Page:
From his essays, I get the feeling that Wood prefers to read the professions of belief from the moderns as essentially sincere. He draws the line at the "soft" Establishment writers of the nineteenth-century, especially Arnold and Renan, whose professions are so watered-down as to be essentially unsupportable. In "The Broken Estate," that tradition is extended to twentieth-century theologians like Paul Johnson, for whom Wood has little patience:

No, the great 'strength' of Christianity is not that it offers medicines, but that it is true. Health comes from this. [Paul] Johnson's ecclessiastical cynicism – where “strength” means only “strength for the church”--suspends what is most powerful about Christianity: its claim to be true. Instead, like Arnold and Renan, he offers the milder language of success: does it work for you? He secularizes religion and demonizes secularism. In doing so, he makes Christianity vulnerable where it should be strongest. If Christianity can be defended as merely a set of advantages, then it can be attacked as merely a set of disadvantages by rival advantages, most of them secular. If Christianity is only a therapy service, a matter of comfort and consolation, then why not something more powerful than its withered ardor? (Drugs, love, literature, etc.).

Here Wood points at something that I (as someone in favor of political secularism) can grab onto-–the idea that soft religion can also be soft (or "demonized") secularism. Preserving Christian morality without preserving Christianity continues the coercion of religious dogma without the justification of religious faith. Wood would rather have real "medicine" or no medicine at all.

But here is where I part with Wood: the urgent issue in politics today is not one of real or false religion, so much as it is how to guarantee that societies around the world can continue to protect religious freedoms. Along those lines, what would be more challenging is a protagonist who is a real atheist, poised against a rising tide of (possibly fake) religious fervor in his society. (The believer who invents an atheist protagonist could possibly do a better job than the atheists -- like Salman Rushdie and Hanif Kureishi -- who repeatedly conjure improbable "fanatics")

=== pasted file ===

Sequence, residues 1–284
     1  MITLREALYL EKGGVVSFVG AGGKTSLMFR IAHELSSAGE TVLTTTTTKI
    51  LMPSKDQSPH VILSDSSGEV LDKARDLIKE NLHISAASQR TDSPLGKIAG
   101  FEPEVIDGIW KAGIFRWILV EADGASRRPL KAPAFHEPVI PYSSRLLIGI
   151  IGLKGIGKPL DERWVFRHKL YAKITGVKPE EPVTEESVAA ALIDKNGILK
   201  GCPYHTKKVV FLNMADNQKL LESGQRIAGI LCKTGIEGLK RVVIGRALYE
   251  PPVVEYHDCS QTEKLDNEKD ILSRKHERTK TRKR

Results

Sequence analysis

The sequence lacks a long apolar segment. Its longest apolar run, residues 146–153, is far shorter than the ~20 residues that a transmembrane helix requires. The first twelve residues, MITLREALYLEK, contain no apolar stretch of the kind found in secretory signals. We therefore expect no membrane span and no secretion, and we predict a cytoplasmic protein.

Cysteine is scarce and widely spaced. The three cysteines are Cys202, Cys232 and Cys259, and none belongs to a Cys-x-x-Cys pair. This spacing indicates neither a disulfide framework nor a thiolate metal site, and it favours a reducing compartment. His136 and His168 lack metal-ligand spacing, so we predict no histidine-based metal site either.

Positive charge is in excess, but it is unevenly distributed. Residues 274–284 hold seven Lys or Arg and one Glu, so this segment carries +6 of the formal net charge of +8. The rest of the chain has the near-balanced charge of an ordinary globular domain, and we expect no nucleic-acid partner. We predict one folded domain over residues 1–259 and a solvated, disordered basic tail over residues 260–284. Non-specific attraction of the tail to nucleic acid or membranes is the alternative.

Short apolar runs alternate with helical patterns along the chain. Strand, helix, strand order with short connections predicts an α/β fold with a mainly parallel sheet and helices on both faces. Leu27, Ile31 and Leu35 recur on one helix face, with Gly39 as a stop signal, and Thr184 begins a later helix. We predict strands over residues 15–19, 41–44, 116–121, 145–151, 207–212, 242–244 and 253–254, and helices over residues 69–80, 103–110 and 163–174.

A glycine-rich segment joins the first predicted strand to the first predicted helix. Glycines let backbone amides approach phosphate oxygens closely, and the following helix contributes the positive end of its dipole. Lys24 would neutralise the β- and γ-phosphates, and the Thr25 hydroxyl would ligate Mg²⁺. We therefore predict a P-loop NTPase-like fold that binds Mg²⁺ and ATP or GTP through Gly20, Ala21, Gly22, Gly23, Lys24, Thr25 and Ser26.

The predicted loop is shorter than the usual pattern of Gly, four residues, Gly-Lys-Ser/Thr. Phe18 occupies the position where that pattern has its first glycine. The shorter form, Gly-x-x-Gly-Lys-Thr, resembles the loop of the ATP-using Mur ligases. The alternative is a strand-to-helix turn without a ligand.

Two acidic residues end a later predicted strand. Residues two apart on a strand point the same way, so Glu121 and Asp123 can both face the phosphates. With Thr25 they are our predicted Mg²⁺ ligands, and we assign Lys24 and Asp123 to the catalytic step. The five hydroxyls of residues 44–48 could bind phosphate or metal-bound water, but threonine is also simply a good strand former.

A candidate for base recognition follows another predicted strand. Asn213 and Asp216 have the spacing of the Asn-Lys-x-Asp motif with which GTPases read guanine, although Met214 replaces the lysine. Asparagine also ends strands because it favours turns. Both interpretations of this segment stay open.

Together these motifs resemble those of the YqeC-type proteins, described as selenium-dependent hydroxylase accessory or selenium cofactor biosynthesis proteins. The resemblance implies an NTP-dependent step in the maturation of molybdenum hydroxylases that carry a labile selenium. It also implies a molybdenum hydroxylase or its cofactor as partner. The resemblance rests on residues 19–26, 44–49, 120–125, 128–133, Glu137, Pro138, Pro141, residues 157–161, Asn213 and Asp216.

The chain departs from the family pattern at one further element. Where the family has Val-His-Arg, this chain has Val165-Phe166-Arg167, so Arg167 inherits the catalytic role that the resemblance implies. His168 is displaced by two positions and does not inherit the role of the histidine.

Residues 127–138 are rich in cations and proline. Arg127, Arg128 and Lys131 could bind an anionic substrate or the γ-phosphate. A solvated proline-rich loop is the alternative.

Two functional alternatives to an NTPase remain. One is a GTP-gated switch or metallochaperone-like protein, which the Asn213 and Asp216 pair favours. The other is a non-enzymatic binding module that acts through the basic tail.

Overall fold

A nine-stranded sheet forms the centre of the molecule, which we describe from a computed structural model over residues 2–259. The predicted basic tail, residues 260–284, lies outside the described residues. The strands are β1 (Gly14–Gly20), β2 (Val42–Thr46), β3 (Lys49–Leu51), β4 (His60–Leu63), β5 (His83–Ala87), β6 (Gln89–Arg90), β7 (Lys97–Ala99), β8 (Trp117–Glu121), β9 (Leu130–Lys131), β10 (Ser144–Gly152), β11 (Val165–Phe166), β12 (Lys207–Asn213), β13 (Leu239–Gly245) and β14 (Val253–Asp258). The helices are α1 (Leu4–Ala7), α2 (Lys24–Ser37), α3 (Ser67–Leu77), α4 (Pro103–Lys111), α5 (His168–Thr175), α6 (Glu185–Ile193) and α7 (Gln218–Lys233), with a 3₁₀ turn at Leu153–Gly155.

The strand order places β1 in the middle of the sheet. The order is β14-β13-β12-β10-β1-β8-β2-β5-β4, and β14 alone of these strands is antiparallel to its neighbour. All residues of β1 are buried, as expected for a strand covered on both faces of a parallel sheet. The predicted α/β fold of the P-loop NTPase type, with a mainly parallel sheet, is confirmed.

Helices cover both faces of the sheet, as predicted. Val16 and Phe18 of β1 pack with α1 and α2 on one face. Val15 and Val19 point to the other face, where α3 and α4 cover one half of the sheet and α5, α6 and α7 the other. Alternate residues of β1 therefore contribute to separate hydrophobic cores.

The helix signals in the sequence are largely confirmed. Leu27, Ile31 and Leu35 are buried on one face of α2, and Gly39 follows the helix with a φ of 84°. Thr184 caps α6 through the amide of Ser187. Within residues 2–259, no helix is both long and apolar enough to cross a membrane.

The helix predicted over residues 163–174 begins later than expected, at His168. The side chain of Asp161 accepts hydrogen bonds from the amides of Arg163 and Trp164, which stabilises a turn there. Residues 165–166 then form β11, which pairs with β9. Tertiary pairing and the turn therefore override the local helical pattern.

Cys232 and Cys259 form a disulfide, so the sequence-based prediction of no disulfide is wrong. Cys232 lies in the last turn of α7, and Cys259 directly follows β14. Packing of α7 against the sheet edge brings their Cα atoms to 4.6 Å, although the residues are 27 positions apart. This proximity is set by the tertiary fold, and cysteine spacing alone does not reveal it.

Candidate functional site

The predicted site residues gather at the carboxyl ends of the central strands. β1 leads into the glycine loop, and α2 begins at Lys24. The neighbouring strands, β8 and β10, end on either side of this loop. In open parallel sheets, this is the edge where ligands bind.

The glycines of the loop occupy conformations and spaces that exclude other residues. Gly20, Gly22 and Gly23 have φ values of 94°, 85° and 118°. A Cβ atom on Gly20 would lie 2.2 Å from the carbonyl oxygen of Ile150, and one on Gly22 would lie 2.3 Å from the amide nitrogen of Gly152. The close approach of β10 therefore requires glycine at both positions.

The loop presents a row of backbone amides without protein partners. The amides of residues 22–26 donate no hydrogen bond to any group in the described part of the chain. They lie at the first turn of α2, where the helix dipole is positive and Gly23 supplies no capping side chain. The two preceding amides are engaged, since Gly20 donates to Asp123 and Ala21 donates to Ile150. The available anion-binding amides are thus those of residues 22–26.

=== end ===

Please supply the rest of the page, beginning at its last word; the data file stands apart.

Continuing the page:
The "rigorous" Christianity of Wood's essays does not help us respond to the arguments and actions of religious extremists. Arnold begins to look better: Wood overlooks the possibility that Arnold's softened, inclusive Establishment in fact might have enabled the public presence of religion to become symbolic in a useful way (the same way that Monarchy is useful), even as modern nation-states transition to secularist politics.

[A final, unrelated thought: One thing no one has mentioned is, the novel is full of classical music. If you decide to pick it up after all, prepare to get a little tutorial in Pollini, Edward Elgar, Schnabel, Rachmaninoff, Richter, Rubinstein, Kempf, Michelangeli, Brendel, Bartok, Glazunov, Schumann's the Kinderszenen, and Mussorgsky's Pictures at an Exhibition!]


Kumar said...

Dr. Singh:

A question and a comment.

Isn't Wood himself an atheist ? I seem to remember a Woods' essay along that line, in 'The New Republic'. Or am I mistaken ?

Woods' worrying over whether professions of Christian belief by some philosophers were sincere seems misplaced to me. I think that the attitude he brings to lit-crit, i.e., downplaying authorial intention, can usefully be applied to philosophical works as well.

But I suppose that sort of stance comes more easily to one who's immersed in Indian philosophical tradition. Consistency (sometimes quite weak) with the 'root-text' of one's 'darsana' is all that's required, in traditional Indian philosophy: Authorial intention, as such, doesn't figure in the interpretation of a text. So, a common phenomenon in Indian sastric disciplines is radical innovation in the guise of mere commentary on a root-text!

BTW, I gave Woods' novel a pass when it came out. I'll give it a look-see, at least, based on your review.


1:07 PM  
Amardeep said...


He's pretty clear in "The Broken Estate" that he considers himself a Christian, both in terms of how he was raised and presently. I'll look at TNR and see if anything comes up...

The point about interpretive methods is interesting. I think a book like Nabokov's "Pale Fire" does something similar to what you're describing. Also Swift's "Tale of a Tub," though in both cases the radical innovation in the guise of faithful commentary is meant to be an ironic statement on the status of criticism....

2:37 PM